NATASHA BEDINGFIELD So “Roller Skate” is about nostalgia, the childlike freedom, the feeling of movement. When you’re stuck in a situation, in a concrete world, you need to get somewhere, you need to find ways to move around it.
But human beings are amazing, and we just strive to thrive. We keep moving forward and nothing can stop us, really. Even if it feels like it can.
48 HILLS “Kick It” is about maintaining your sense of self within a relationship. How do you do that in your marriage?
NATASHA BEDINGFIELD “Kick It” is about making a relationship last. There is always going to be compromise needed and you have to compromise for the other person but not compromise who you are. That’s where the balancing act happens because it’s so important to be yourself. So I think it’s constantly trying to walk that line between both of those things — being yourself but also giving of yourself for that person.
48 HILLS “Everybody Come Together” and “Hey Papa” are inspired by all the antagonism in the world today. Do you see us all coming together anytime in the near future?
NATASHA BEDINGFIELD There’s so much dividing us and I think this tribalism is so harmful. “Hey Papa” is talking about how we look outside of ourselves for heroes — the fathers, the kings, the next Gandhi. I like this idea that the next big leader might not just be one person or a Jesus figure, but all of us coming together like a sea of voices.
Just like when kids are standing up about the environment or gun violence, there’s this incredible power when it’s not just one person. But everything in life tries to take away our power and make us feel like we don’t matter, especially the younger generation.
I remember being 14 and feeling so not powerful and people telling me my limitations all the time, so that’s a big thing for me to know the power of my own voice.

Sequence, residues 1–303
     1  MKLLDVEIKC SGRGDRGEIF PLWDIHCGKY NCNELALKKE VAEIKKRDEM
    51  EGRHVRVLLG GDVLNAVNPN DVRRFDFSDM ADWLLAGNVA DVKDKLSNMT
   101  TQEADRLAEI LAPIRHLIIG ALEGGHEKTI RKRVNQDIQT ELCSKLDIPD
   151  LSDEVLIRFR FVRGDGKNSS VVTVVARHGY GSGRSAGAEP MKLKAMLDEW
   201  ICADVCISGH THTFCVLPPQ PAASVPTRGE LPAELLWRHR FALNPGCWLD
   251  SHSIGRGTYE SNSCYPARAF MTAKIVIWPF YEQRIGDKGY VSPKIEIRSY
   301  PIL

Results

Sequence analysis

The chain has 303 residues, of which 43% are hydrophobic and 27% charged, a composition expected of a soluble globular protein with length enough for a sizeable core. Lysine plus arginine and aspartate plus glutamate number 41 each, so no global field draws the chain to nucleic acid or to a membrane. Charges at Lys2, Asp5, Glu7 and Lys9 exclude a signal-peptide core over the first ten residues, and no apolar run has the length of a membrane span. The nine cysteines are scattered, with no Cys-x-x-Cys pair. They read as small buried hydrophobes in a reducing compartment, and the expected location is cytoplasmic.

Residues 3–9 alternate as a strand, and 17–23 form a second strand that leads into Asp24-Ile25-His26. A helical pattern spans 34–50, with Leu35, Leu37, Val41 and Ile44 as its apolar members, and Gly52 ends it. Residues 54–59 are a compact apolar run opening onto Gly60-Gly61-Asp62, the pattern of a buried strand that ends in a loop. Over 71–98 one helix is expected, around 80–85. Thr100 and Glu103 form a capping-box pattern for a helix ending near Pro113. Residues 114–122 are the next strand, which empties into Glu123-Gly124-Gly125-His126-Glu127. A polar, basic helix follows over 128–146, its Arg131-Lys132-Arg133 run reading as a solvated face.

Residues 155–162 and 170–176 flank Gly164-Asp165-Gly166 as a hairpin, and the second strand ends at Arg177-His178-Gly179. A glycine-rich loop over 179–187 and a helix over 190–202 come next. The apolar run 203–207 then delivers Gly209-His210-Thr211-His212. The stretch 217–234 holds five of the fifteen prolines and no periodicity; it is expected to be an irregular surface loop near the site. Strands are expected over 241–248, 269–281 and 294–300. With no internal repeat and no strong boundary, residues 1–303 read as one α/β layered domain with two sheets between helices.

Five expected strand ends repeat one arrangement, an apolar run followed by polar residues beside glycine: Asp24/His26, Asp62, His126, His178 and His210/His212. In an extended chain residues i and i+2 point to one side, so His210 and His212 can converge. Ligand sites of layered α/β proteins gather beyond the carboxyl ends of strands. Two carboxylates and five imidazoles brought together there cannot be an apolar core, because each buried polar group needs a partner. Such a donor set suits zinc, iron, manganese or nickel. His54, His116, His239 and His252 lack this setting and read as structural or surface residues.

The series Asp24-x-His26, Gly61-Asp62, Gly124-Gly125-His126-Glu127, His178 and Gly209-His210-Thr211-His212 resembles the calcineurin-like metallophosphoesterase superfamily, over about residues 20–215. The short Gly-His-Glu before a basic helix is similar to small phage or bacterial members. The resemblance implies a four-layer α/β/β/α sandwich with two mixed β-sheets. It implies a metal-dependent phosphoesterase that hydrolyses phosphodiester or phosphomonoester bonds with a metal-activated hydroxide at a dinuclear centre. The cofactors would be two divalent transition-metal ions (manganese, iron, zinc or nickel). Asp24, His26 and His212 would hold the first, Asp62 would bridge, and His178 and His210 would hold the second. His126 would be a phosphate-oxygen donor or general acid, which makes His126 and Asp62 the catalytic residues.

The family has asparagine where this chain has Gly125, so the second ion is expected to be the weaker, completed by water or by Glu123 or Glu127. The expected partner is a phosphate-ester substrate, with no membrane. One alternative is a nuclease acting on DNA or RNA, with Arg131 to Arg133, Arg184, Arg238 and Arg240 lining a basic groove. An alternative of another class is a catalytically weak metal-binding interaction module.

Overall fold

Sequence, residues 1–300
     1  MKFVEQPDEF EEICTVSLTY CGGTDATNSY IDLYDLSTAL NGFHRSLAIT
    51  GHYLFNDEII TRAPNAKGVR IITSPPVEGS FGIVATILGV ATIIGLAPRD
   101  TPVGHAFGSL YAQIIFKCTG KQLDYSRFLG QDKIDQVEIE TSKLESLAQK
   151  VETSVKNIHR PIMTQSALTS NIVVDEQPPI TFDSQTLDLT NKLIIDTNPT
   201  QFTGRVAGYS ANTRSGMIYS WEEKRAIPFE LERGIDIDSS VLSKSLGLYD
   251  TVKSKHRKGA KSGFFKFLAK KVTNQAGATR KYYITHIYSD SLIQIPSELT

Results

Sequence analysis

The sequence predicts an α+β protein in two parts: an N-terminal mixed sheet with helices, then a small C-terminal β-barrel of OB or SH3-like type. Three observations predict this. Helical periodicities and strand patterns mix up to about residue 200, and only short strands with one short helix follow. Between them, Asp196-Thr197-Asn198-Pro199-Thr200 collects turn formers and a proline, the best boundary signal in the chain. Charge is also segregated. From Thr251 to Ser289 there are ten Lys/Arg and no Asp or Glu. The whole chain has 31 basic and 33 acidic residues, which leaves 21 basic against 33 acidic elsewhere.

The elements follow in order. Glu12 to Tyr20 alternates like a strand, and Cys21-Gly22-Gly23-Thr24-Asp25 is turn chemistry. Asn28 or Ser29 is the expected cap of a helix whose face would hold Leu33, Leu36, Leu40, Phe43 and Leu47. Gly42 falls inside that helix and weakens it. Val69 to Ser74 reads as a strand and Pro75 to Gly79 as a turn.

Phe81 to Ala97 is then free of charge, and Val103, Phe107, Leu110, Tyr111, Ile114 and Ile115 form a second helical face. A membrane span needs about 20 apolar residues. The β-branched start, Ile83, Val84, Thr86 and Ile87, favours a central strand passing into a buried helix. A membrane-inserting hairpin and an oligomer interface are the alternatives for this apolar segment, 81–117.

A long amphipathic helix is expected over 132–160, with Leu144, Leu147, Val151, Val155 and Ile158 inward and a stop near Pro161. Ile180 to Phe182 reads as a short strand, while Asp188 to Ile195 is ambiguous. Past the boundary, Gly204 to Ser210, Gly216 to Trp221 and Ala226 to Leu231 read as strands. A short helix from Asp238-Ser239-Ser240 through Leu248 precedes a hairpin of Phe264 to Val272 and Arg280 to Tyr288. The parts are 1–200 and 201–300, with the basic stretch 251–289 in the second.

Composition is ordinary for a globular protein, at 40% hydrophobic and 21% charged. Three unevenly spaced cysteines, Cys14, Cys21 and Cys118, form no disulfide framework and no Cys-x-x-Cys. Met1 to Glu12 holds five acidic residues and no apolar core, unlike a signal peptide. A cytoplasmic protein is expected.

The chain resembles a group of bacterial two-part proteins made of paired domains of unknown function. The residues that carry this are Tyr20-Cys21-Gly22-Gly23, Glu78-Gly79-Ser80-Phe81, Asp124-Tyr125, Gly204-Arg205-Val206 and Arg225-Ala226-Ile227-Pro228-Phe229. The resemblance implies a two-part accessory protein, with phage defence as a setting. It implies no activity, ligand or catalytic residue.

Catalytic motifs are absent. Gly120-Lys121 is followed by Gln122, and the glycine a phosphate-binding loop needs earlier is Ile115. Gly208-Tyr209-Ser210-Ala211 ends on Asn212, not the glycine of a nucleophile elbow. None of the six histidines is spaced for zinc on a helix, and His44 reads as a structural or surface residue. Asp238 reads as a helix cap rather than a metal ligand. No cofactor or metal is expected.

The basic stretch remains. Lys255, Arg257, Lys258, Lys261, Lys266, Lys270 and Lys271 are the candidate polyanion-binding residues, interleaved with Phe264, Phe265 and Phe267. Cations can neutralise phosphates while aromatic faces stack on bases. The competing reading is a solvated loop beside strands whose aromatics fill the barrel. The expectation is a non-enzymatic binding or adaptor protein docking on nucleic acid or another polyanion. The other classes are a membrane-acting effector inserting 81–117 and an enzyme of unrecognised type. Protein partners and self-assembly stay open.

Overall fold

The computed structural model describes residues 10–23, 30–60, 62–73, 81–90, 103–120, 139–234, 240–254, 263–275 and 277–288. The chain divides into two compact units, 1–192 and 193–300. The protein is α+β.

48 HILLS You’ve said that the birth of your son, Solomon, has inspired you to be more honest and vulnerable in your music. Has it also made you more political, with the hope that your boy grows up in a better world?
NATASHA BEDINGFIELD It’s a subtle change, but I feel from being a mother a new confidence and a protectiveness of my little baby, of wanting to bring him into a great world. It’s opened up that lioness in me a little. I can tell I’m different and it’s a good different.
48 HILLS Earlier this summer, you dropped a new remix of your indelible song “Unwritten” for MTV’s “The Hills: New Beginnings.” So I’m curious: What’s still unwritten for you in your life and career?
NATASHA BEDINGFIELD Oh, that’s a lovely question. Thank you. Do you know what I think? I am… me. [Laughs] I’m a work in progress and I’ve put so much energy into my songs and music, but the songs don’t define me. I have to take my own advice from those things. That is obviously the message of the song that I forget.
And you think you have to repeat the same things that you’ve done or there’s a certain kind of pressure to be what people expect you to be. But releasing myself to be who I am and not always trying to be the entertainer or someone that people like — that’s very freeing.